Mansfield Park

Tue 20th – Sat 24th November 2012


Catherine Coffey

at 23:20 on 20th Nov 2012



I can honestly say that 'Mansfield Park' is my least favourite Austen novel, and not just in a “well-it’s-quite-good-but-I-prefer-Emma” way, rather in an “I-really-do-not-see-the-point-in-that-damp-squib-Fanny-Price” way. My expectations as I entered the Oxford Playhouse tonight were, therefore, not particularly high, but even had they been I have no doubts that this Theatre Royal Bury St Edmunds Production would have blown me away.

Although a long-standing Austen fan, as I have already said, Mansfield Park does not generally court much favour with me, but having seen this adaptation for the stage I very much feel I can return to the book with a reinvigorated fervour, as an encounter with Tim Luscombe’s “adapted” heroine leads me to believe the younger me merely missed the opportunities he has seized upon to properly bring the true, opinionated Fanny to life.

The play is witty and perfectly-paced, if missing one or two aspects of the original plot which I would have liked to see remain, but, as Luscombe points out, as much as ‘it’s hard cutting Jane Austen...a play is a very practical thing’ and the skill with which he has adapted the novel is really only to be lauded.

Witty, fast-paced dialogue is matched in this production by witty, fast-paced and versatile actors, a leading-cast of only eight playing fifteen speaking parts. Geoff Arnold’s ability to seamlessly switch from the (pre-reform) libertine Tom Bertram, to the awkward and laughable Mr Rushworth, to the honest and worthy William Price is particularly impressive and perfectly fulfils Luscombe’s hope that ‘the fun is had by knowing it’s the same actor but in seeing the transformation’.

The comic star of the play is undoubtedly Karen Ascoe in her role as the indefatigable Mrs Norris; whether frustrating her brother-in-law (excellently played by Richard Heap, who perfectly embodies the out-of-touch patriarch slowly realising the world is changing around him in a most confusing manner) with constant nagging, scrounging grouse eggs from Mr Rushworth’s Sotherton Estate, or indulging in her favourite past-time of bullying Fanny, there is not a dull moment with Mrs Norris (incidentally, also my favourite character in the book). I do not know if the more-than-passing resemblance to Downton Abbey’s less vindictive but equally frustrating Mrs Crawley is purposeful or not but it certainly added to my appreciation and enjoyment of the role.

Mrs Norris’ favoured niece, Maria Bertram, is ably played by a marvellous Leonie Spilsbury, who has perfectly nailed the requisite portrayal of a combination of spoilt little girl and avaricious young woman, and who also gave a thoroughly enjoyable and lively portrayal of Susan Price.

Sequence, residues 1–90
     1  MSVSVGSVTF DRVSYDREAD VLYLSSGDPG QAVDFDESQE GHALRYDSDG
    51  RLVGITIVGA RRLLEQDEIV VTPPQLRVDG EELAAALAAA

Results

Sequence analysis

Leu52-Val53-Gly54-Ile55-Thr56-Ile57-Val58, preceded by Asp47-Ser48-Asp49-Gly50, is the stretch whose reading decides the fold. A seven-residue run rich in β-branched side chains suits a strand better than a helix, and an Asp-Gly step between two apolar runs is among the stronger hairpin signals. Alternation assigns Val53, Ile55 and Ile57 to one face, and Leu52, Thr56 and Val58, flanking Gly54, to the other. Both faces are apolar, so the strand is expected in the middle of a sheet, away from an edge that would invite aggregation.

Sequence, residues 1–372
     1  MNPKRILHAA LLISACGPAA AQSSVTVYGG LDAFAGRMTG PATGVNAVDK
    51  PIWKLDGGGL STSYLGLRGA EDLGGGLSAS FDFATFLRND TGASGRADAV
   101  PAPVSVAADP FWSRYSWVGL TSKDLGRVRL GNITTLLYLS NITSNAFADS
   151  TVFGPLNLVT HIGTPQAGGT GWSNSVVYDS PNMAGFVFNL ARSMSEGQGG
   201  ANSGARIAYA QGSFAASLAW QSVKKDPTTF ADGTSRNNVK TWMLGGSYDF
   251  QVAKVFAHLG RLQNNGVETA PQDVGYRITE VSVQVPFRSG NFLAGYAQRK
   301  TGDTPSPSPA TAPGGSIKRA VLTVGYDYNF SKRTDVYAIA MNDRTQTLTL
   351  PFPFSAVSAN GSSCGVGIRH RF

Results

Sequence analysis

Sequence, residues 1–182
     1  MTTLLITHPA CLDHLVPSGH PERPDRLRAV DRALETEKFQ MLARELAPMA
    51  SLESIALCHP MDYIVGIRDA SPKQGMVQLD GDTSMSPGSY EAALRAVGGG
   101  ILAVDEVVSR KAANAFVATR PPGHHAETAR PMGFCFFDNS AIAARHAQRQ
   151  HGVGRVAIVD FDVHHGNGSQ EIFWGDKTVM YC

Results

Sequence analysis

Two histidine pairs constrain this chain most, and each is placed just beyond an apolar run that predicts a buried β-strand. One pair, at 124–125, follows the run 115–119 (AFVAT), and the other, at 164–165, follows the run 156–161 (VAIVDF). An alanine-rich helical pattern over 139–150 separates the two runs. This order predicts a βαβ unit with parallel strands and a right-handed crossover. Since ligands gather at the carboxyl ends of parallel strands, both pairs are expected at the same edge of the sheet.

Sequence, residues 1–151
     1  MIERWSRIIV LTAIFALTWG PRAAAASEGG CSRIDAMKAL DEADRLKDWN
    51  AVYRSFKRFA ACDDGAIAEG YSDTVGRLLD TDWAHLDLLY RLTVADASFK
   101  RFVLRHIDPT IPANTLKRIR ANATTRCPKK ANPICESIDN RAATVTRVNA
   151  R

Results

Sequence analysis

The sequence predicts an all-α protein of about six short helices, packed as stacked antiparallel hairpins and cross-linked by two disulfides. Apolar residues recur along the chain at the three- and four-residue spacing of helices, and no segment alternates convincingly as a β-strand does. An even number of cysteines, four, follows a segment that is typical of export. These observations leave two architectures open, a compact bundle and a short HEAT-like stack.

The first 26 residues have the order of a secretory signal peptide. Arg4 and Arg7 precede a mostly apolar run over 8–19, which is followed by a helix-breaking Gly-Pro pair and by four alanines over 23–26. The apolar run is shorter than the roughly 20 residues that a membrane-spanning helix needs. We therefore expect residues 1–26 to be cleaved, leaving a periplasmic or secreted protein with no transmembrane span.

The Crawford siblings are an absolute dream; ambitious, amorous, camp, mischievous but not malevolent, Kristin Atherton and Samuel Collings are a perfect pairing. Although their motives are, as in the novel, generally questionable to say the least, the black-and-white depiction of the brother and sister as evil incarnate that I have seen in several recent adaptations is pleasingly absent, and the audience can not help but warm to both characters, even if inevitably siding with Fanny on a final judgement.

Both in the book and in the majority of adaptions I have seen, regardless of the lack of nuance in portraying the Crawfords, I have always found myself decidedly on their side as opposed to that of Edmund and Fanny, finding the latter duo simply far too dull. In this production, however, Pete Ashmore and Ffion Jolly demonstrate a far more human and endearing side to both than I have previously encountered; Edmund is still rather too slow on the uptake, but he now slowly comes to decision with distinctive charm and panache, while Fanny, as already mentioned, finally seems to have a real voice, even if much of, to again quote Lusombe, ‘her virtue is often best evinced by her standing mute’. That Jolly managed to insert such interest into the act of ‘standing mute’ is a true attribute to her acting ability.

I would wholeheartedly recommend this production of Mansfield Park to anyone: be they die-hard fan, sceptic or stranger to the original novel, any and every theatre-goer would be a fool to miss out on the opportunity to pass such an entertaining evening.